Short ribs are usually served over a mashed starch of some sort, but because the meat is so tender, this can lead to too much softness in the dish. Instead, I serve the braised ribs alongside individual “stacks” of potatoes cooked in the cavities of muffin tins.  This method reduces the cooking time and makes for an attractive presentation. I always cook more than I need so that the Defender and his friends can nosh on them over the weekend. 


  • 3-lbs (1-½ kilo) (roughly 8-10medium-sized new potatoes, peeled and sliced very thin. If you own a mandoline, this is a great time to put it to use.
  • One stick (118 grams) softened butter
  • 2 Tbsp(30 ml) melted butter
  • 1 Tbsp (15 ml) olive oil
  • Three cloves of garlic, grated on a microplane zester.
  • Salt and pepper
  • 3-oz (75 grams) grated hard cheese such as Parmesan or Grand Padano
  • 3 Tbls (45 ml) fresh thyme leaves


  • Preheat the oven to 375ºF (190ºC)
  • Butter the insides of a 12-piece muffin tin generously with the softened stick of butter.  If you don’t have a muffin tin, use small ramekins or a large cookie sheet lined with parchment paper — a toothpick will hold the stacks in place.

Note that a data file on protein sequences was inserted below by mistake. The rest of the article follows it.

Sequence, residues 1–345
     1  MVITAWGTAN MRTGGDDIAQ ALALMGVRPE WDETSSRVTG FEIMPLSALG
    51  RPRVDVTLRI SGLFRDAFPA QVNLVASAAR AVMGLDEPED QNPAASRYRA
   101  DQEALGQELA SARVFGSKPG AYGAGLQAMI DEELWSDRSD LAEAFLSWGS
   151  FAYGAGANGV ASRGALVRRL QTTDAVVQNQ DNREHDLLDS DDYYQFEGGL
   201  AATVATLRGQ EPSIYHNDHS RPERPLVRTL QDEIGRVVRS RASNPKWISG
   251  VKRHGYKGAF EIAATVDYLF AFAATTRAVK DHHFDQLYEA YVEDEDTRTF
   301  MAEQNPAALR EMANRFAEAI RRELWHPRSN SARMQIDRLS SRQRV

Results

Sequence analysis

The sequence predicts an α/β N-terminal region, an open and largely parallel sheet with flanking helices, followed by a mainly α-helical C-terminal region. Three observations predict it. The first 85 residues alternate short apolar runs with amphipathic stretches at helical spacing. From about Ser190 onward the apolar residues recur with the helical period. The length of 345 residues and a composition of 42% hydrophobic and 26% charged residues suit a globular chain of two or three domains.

• Toss the sliced potatoes, garlic, cheese, a generous pinch of salt and pepper, and melted butter and olive oil mixture, and half of the thyme in a large bowl to combine, making sure that the potatoes are well coated.
  • Create small “stacks” of potatoes in each muffin tin section.
  • Bake in the preheated oven for 1 hour or until the tops of the potatoes are golden.
  • Serve garnished with more of the thyme.

										 					Jennifer Eremeeva / MT
Jennifer Eremeeva / MT

Peas & Pancetta

This is an easy dish to throw together at the last minute and adds a nice burst of color on a plate dominated by brown and beige.  If you can get fresh peas, then by all means do, but good quality frozen peas will work just as well.  If pancetta proves elusive, any bacon or smoked ham can easily be substituted.  Don’t skimp on the fresh mint and dill, however, because they are essential!


  • 3 cups (750 ml) fresh or frozenpeas
  • One ½-pound (200 grams) pancetta, cut into a small dice
  • 2 Tbsp (30 ml) best quality olive oil
  • Juice and zest of half a lemon
  • ¼-cup (60 ml) fresh mint, finely chopped
  • ¼ cup (60 ml) fresh dill, finely chopped
  • Salt and pepper to taste


  • Fry the pancetta until crisp.  Drain on paper towel and set aside.
  • Bring salted water to a rolling boil in a large pot.  While the water is coming to a boil, prepare an ice bath in a large mixing bowl filled with ice water.